SAN DIEGO (AP) — A college student picked up in a drug sweep in California was never arrested, never charged and should have been released. Instead he was forgotten in a holding cell for four days and says he had to drink his own urine to stay alive.
Without food, water or access to a toilet, Daniel Chong began hallucinating on the third day.
He told The Associated Press in an interview Wednesday that he saw little Japanese-style cartoon characters that told him to dig into the walls to find water. Chong tore apart the plastic lining on the walls.
"I ripped the walls and waited for the room to flood for some reason," said the 23-year-old University of California, San Diego, student, three days after he left the hospital where he was treated for dehydration and kidney failure. "I can't explain my hallucinations too well because none of them make sense."
Later he added, "I felt like I was completely losing my mind."
Four days later, agents opened the door on a fluke and found him covered in his own feces, Chong said.
Chong's attorneys filed a $20 million claim Wednesday against the Drug Enforcement Administration, saying his treatment constitutes torture under U.S. and international law.
"He nearly died," said Chong's lawyer, Eugene Iredale. "If he had been there another 12 to 24 hours, he probably would have died."
The five-page notice, a required precursor to a lawsuit, was sent to the DEA's chief counsel in Washington and cites damages for pain and suffering, future medical and psychiatric treatment, and loss of future earnings.
The $20 million figure refers to the maximum Chong and his lawyers would seek.
The top DEA agent in San Diego apologized Wednesday for Chong's treatment and promised an investigation into how his agents could have forgotten about him.
The incident stands out as one of the worst cases of its kind, said Thomas Beauclair, deputy director of the National Corrections Institute, a federal agency that provides training and technical assistance to corrections agencies.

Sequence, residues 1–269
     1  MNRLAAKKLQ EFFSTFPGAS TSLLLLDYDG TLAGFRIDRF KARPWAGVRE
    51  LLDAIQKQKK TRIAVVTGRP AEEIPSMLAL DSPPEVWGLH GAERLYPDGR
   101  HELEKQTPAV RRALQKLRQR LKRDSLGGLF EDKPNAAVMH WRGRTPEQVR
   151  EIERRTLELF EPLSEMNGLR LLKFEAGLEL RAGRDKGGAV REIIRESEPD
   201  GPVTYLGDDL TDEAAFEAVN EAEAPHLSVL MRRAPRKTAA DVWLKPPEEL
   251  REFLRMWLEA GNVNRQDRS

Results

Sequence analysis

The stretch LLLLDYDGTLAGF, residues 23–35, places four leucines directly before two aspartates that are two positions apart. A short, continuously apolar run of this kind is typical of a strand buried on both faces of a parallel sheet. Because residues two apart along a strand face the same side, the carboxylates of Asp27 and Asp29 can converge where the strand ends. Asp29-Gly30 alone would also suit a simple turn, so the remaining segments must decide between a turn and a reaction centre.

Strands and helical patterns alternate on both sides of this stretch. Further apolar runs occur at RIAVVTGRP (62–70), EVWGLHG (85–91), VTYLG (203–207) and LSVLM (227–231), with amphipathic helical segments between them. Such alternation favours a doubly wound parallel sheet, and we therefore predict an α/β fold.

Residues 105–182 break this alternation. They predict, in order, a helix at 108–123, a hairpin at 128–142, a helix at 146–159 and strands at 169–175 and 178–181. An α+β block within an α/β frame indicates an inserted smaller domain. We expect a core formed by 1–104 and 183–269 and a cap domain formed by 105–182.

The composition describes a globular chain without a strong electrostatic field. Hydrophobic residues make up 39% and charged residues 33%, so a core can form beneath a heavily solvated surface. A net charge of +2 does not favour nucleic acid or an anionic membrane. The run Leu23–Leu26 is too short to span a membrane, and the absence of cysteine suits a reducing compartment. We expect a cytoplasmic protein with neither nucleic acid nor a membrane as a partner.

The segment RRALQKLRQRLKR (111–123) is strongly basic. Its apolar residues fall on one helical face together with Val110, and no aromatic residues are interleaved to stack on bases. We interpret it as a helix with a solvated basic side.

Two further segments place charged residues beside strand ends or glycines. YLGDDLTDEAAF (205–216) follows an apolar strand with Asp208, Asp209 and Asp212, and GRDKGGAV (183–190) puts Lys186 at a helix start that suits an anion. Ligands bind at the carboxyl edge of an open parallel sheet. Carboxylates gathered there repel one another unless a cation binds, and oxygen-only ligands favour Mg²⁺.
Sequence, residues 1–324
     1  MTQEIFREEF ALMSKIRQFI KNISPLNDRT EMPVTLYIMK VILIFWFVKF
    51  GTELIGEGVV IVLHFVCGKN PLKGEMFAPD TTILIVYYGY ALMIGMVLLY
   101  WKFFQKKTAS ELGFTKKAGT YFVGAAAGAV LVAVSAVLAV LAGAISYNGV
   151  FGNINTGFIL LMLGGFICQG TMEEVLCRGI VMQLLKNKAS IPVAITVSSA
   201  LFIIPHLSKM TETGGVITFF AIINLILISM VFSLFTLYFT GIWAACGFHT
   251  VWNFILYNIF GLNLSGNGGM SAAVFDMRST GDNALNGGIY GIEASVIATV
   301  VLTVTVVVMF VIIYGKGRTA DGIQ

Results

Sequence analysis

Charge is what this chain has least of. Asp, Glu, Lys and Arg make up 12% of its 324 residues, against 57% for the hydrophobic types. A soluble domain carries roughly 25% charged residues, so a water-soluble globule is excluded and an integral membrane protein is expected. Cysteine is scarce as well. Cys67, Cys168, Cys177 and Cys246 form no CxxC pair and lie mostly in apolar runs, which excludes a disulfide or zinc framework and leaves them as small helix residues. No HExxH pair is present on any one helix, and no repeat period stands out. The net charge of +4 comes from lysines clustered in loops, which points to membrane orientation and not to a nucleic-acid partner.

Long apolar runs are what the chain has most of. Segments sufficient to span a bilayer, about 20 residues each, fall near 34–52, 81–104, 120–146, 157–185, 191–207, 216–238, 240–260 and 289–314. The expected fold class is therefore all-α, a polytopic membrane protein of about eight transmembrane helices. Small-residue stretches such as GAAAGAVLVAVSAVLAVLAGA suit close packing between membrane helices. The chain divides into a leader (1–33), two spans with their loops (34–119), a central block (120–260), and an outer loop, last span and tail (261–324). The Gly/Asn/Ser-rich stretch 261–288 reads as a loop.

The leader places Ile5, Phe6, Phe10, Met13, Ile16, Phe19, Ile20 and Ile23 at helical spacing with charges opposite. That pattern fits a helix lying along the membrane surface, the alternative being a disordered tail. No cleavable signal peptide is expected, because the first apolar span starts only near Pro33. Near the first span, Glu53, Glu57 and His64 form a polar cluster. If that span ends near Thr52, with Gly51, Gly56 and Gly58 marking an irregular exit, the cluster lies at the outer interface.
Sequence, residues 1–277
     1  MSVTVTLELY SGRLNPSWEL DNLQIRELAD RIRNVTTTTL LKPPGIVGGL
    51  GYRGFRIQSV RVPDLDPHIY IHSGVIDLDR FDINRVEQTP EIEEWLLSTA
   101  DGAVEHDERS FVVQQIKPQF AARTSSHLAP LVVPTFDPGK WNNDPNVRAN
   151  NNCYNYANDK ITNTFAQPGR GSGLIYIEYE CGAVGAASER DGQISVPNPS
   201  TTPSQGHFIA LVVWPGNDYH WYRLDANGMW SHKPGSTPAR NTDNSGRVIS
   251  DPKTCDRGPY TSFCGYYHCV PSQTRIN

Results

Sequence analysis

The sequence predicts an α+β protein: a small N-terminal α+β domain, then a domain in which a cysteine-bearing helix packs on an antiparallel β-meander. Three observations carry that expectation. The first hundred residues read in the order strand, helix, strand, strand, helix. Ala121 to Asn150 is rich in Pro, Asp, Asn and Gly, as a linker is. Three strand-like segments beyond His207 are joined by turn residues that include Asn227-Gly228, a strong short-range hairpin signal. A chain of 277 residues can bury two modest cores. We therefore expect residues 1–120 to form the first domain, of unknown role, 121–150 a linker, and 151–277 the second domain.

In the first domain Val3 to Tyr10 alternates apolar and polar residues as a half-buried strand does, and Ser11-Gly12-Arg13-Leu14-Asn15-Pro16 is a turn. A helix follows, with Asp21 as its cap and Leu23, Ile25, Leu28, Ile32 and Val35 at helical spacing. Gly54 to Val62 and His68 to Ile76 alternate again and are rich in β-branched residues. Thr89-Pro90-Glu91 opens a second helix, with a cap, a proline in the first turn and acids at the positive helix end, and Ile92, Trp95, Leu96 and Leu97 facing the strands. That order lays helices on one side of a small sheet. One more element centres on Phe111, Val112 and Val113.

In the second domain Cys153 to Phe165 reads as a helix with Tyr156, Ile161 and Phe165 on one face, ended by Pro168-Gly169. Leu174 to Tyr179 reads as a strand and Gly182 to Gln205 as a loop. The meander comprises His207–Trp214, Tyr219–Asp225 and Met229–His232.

"That is pretty much unheard of," he said, noting that, in his 40-year career, he has heard of instances where people were forgotten overnight but not for days.
A federal law enforcement official familiar with DEA operations said the agency's protocols require that cells be checked each night. The official, who spoke on condition of anonymity because he was not authorized to discuss the matter, said the cell where Chong was held is not intended for overnight stays because it does not have a toilet.
U-T San Diego was the first to report Chong's ordeal.
Chong told the AP that he went to his friend's house April 20 to get high. Every April 20, pot smokers light up in a counterculture ritual held around the country at 4:20 p.m.
Chong slept there that night and, around 10:50 a.m. the next day, agents stormed into the house as Chong said he was rolling a joint at the kitchen table. The raid netted 18,000 ecstasy pills, other drugs and weapons. Nine people, including Chong, were taken into custody, according to the DEA.
Chong was moved from cell to cell for several hours and then questioned. He said agents then told him that he was not a suspect and would be released shortly. He signed some paperwork, was put in handcuffs and sent back to the holding cell, a 5-by-10-foot windowless room. The room is one of five cells at the facility.
The only view in was through a tiny peephole in the door. He said he could hear the muffled voices of agents and a toilet flushing. As the hours dragged into days, he said he kicked and screamed as loud as he could. At one point, he ripped a piece of his jacket off with his teeth and shoved it under the door, hoping someone would spot it and free him.
Chong said he ingested a white powder that he found in the cell. Agents later identified it as methamphetamine. Chong said he ingested it to survive.